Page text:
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KUTRRH’s Premier Ear Screening & Surgical Camp

On August 23rd, 2021, Kenyatta University Teaching, Referral, and Research Hospital will be holding its first ENT surgical screening camp in the hopes of bringing back the gift of hearing.  The camp will be held in partnership with Operation Eardrop Kenya, and the target is to provide ear surgery to thirty people who will be determined through the screening process.

Leading the team is Dr. Ian Macharia, an ENT surgeon at KUTRRH, whom we sat down to find out more about this speciality, and what we can expect from the ENT surgical camp.

How did you become an ENT doctor?

To become an ENT surgeon, you first become a medical doctor which is five years of training. I then did my internship, and one and a half years as a medical officer, before coming back to do further training as a specialist. Right now, I’m the first ENT surgeon here at KUTRRH and the Head of the Department.

Who is an ENT Surgeon?

An ENT doctor deals with ear, nose, throat, and head and neck surgery for those who don’t know. We’re surgeons and clinicians who also treat voice problems, allergies, tonsils, and sleep problems like snoring. We also deal with cancers together with other specialities. In the head and neck region, we have about six specialists, ENT being one of them. ENT is sort of like the go-between eye doctors, the brain surgeons, the maxillofacial surgeons, dentists, and sometimes the plastic surgeons.

Why did you choose to specialize in ENT?

ENT specialists have generally been known to have some of the best personalities – my father is an ENT surgeon – which helped me see the potential in that area. Then as a medical officer, I worked closely with another ENT surgeon. I was the only medical officer who was in two departments, ENT and obstetrics. That drew me because of the breadth of surgeries that could be done and dealing with both adults and pediatrics.  We were also dealing with quality-of-life issues. Most ENT problems will not kill you. However, they reduce your quality of life. We come on board and help those patients improve that quality, which appealed to me. And of course, the fact that we also use a lot of gadgets in ENT such as scopes, microscopes. We do a lot of diagnostic work as well. And out of all the surgical specialities, we are the ones with the heaviest clinic because other surgeons have an equivalent physician.

Tell us about the planned ENT Surgical camp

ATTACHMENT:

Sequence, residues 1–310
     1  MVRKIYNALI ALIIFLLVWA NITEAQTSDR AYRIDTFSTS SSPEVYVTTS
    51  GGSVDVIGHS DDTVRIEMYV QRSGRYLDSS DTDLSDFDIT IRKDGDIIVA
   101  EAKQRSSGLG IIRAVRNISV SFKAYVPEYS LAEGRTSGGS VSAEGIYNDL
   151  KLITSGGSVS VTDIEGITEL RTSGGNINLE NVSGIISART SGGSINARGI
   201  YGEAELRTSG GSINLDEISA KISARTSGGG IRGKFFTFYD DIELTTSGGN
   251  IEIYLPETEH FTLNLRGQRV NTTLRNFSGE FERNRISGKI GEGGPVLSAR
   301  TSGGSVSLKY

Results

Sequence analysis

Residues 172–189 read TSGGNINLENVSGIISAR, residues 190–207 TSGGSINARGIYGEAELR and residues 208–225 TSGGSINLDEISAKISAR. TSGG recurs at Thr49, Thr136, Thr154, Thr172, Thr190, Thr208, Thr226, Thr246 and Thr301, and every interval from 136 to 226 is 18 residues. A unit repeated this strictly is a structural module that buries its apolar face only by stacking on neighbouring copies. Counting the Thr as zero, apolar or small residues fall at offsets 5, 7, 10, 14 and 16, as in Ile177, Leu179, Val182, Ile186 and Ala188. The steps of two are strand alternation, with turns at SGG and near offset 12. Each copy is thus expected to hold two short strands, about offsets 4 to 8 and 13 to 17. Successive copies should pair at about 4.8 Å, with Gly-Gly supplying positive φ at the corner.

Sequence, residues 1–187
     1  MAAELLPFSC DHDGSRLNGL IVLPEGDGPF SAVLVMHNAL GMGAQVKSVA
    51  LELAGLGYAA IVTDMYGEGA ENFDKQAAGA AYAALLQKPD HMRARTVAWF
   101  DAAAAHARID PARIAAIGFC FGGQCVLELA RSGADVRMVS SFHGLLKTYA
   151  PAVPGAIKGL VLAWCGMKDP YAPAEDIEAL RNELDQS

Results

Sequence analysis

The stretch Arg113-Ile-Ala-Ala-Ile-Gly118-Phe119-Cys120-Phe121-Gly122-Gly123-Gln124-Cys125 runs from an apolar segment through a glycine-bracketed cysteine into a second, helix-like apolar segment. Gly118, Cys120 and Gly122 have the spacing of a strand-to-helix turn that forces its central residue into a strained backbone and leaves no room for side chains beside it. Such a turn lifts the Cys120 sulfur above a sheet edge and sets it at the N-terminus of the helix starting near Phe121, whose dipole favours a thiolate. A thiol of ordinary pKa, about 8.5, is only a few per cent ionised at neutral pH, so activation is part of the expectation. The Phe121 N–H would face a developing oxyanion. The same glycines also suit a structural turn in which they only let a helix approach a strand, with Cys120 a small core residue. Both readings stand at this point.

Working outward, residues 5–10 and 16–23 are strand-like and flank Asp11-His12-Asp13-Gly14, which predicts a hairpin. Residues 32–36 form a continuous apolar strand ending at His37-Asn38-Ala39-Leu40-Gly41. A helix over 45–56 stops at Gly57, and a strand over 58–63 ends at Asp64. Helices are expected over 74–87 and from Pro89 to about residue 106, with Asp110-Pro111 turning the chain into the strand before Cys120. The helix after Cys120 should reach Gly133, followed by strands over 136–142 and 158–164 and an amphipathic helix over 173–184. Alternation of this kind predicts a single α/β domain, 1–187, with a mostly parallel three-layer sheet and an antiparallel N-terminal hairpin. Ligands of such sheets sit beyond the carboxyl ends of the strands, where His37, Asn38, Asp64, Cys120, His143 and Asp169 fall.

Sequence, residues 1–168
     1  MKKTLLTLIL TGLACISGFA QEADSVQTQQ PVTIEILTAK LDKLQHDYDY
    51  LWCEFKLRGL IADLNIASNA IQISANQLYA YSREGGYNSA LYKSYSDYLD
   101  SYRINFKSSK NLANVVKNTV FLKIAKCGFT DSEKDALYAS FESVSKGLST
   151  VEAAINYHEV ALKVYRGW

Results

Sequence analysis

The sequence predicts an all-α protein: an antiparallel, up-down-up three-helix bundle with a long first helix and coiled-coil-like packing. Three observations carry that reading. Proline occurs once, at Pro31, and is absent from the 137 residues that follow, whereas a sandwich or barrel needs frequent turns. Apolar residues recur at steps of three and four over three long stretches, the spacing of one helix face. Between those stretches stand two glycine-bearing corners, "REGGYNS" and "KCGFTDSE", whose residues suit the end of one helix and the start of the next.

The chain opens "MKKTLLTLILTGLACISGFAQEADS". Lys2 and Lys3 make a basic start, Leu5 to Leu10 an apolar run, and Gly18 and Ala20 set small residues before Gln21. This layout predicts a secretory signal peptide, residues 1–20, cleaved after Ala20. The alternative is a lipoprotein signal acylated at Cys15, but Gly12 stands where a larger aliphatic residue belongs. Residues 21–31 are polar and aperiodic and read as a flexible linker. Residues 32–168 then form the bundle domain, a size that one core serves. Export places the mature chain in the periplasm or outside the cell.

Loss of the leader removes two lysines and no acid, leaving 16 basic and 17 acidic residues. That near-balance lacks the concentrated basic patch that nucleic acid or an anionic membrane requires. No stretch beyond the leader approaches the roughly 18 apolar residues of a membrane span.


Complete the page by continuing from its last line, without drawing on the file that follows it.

We are planning an ear surgical camp for patients with infections and holes within the drum due to those infections. It’s in collaboration with Operation Eardrop Kenya, which is a local NGO. KUTRRH is the first Hospital that chose to do this during the COVID era to help patients with ear problems.

As for the Hospital itself, it’s going to be our first surgical camp. The camp is to help patients who can’t generally access this treatment. It also helps the surgeons in building their capacity as well as the training element to it.

The most important thing is that if you have an ear condition and need surgery of the ears; for example, multiple infections of the ears, which has reduced your hearing, or you have discharge coming from the ear, I encourage you to come. What we do is first diagnose the disease during our free screening. Many people are always scared of knowing what it is, but even further is that a lot of people are anxious about any surgical intervention.

The first thing we do is diagnose the problem, prepare you for theatre, and perform the surgery itself. Then we follow you up to make sure that it is successful – that the surgery has brought back the gift of hearing.

Infections of the ear are not something you should take lightly as a patient. And ear surgery is not something that ENT specialists take lightly. We do our very best to make sure that you’re safe, we use the best anesthetist and equipment, and we do our very best to make sure that it’s a safe surgery.

What kind of patients would qualify?

We’re looking for patients who either were told that they had needed surgery on their ears or have infections of their ear canal. We aim to be doing this more regularly. The ultimate aim of the KU Referral Hospital is to regularize the surgeries such that we don’t need a camp, such that we can see a patient booked for theatre without the need for a surgical outcome.

Screening for the ENT Surgical Camp will take place on Monday, August 23rd 2021, at Kenyatta University Teaching, Referral and Research Hospital. To book, call 1558 or 0800721038 (Toll-Free), or visit https://bit.ly/3xQidnx